With recent computer advances, visualization techniques are becoming more prevalently used as decision support tools for parametric design and engineering optimization. Despite the apparent advantages of visualization techniques, we have found little evidence in the engineering design literature that assesses the impact of fast graphical design interfaces on the efficiency and effectiveness of engineering design decisions. In this paper, we present experimental results from an I-beam design problem where the importance of rapid feedback is investigated by incorporating time delays in the software response to "mimic" computationally expensive design analyses. Design efficiency is measured by recording the completion time for solving the design problem, and design effectiveness is measured by calculating the error between a submitted design and the known optimum. The impact of graphical feedback is examined by comparing user performance on three different design interfaces to determine if their functionality and graphical capabilities mediate the impact of response delays in the software or the amount of training needed. Experimental results indicate that, on average, error increased by 280% and completion time increased by 33% when a delay of 1.5 s was present, and the perceived workload significantly increased as well. Meanwhile, user performance improved and perceived workload decreased as the "richness" of the design interface increased. The combination of a rich interface with a fast response time, therefore, will lead to the "best" interface as one might surmise, but our work provides the first empirical evidence of the effect of response delay on user performance within a realistic engineering design setting. Implications for interface development for engineering design are explored within the context of our findings, as are suggestions for future work.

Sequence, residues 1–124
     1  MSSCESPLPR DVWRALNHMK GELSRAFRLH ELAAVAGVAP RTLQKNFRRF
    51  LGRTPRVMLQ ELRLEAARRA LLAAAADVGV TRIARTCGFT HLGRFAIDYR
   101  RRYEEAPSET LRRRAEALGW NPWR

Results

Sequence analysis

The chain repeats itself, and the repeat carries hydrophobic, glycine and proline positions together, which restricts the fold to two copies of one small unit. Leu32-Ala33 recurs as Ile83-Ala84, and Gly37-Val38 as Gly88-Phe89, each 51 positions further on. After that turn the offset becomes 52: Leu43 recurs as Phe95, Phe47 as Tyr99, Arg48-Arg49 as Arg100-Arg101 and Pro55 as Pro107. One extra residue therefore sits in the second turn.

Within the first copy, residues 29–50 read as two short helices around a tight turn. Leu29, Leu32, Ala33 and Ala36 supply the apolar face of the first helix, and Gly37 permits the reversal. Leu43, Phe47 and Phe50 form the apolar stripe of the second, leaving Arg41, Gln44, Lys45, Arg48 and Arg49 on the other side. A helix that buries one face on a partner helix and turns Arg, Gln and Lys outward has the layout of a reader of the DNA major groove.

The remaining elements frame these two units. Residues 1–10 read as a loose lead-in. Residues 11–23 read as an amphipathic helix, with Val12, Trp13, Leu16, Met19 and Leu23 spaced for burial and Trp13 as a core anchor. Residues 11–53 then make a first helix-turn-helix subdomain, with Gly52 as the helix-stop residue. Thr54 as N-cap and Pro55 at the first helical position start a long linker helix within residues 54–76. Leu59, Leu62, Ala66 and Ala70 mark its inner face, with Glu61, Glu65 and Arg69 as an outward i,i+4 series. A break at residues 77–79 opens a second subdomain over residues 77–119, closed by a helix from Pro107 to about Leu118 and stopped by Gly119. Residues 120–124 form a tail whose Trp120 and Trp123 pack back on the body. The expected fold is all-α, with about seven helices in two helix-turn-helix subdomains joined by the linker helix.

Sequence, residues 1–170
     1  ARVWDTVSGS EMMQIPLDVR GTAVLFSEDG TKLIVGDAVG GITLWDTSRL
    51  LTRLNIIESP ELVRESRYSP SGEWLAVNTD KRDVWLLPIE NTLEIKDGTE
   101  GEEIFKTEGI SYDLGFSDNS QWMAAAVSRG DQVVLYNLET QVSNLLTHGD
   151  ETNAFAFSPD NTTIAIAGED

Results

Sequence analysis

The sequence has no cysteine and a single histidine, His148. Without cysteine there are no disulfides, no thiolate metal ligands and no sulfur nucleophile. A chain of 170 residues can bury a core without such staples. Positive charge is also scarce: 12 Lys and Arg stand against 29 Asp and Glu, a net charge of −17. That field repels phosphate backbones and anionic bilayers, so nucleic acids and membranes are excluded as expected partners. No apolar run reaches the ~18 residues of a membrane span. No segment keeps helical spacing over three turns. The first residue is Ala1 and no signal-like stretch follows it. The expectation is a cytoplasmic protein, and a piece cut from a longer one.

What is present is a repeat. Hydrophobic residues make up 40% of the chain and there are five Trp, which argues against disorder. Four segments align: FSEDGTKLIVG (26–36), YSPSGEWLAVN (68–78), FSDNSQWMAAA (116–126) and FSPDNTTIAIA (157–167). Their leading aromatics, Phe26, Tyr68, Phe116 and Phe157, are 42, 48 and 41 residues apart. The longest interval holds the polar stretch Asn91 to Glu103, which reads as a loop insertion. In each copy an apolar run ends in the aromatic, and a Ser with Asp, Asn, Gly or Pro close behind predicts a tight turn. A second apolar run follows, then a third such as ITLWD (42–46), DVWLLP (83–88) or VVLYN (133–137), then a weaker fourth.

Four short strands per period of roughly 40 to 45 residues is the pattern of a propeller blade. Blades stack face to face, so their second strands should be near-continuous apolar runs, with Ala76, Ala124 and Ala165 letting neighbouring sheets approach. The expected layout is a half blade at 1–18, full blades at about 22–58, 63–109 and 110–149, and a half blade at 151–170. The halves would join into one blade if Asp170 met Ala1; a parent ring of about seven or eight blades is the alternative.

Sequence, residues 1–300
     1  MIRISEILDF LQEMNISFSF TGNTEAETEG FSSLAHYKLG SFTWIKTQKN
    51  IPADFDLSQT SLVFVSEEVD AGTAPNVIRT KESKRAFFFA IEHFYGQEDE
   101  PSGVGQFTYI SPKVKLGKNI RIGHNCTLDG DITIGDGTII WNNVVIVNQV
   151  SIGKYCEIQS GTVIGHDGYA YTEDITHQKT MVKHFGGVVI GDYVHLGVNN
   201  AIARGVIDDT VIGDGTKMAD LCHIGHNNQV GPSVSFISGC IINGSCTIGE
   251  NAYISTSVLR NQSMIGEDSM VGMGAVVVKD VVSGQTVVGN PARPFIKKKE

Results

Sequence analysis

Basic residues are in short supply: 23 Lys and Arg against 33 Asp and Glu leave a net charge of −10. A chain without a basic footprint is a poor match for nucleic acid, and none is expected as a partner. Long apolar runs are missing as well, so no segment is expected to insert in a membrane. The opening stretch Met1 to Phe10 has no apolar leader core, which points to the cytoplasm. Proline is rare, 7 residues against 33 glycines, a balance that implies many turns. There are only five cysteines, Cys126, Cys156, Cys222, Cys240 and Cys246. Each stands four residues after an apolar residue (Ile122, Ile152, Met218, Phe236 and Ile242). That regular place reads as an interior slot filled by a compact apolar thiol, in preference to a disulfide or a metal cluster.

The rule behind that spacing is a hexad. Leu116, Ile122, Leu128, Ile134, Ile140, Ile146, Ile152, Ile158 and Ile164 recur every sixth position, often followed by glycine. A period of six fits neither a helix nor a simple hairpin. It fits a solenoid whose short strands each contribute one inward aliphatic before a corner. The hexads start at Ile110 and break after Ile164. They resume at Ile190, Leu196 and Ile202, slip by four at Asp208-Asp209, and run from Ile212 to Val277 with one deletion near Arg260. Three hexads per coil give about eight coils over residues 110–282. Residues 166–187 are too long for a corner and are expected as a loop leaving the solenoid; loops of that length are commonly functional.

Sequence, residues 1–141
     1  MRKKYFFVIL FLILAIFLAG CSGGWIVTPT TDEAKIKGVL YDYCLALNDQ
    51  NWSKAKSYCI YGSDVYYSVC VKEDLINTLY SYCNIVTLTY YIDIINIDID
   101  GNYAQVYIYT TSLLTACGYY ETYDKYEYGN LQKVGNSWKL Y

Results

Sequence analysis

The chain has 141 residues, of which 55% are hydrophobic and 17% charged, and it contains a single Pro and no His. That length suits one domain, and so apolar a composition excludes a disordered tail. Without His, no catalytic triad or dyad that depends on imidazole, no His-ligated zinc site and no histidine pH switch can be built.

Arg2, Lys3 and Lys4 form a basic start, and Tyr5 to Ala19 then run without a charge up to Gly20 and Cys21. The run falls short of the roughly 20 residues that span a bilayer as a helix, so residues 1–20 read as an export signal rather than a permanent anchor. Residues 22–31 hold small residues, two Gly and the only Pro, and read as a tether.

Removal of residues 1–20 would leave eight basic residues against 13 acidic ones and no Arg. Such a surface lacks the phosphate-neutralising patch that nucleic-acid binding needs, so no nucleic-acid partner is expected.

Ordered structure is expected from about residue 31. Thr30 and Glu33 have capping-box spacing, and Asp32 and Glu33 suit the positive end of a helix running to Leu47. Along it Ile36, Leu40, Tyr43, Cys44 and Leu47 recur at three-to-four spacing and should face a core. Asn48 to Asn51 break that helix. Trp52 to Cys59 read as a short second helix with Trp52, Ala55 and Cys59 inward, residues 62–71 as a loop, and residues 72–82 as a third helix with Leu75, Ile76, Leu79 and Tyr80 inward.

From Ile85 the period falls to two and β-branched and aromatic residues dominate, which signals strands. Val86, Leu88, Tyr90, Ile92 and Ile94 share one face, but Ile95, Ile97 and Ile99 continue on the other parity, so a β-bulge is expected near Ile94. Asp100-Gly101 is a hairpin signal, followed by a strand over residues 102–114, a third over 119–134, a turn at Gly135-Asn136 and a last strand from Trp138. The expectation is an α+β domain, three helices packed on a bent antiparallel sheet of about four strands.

All Science Journal Classification (ASJC) codes
- Civil and Structural Engineering
- Mechanical Engineering
- Industrial and Manufacturing Engineering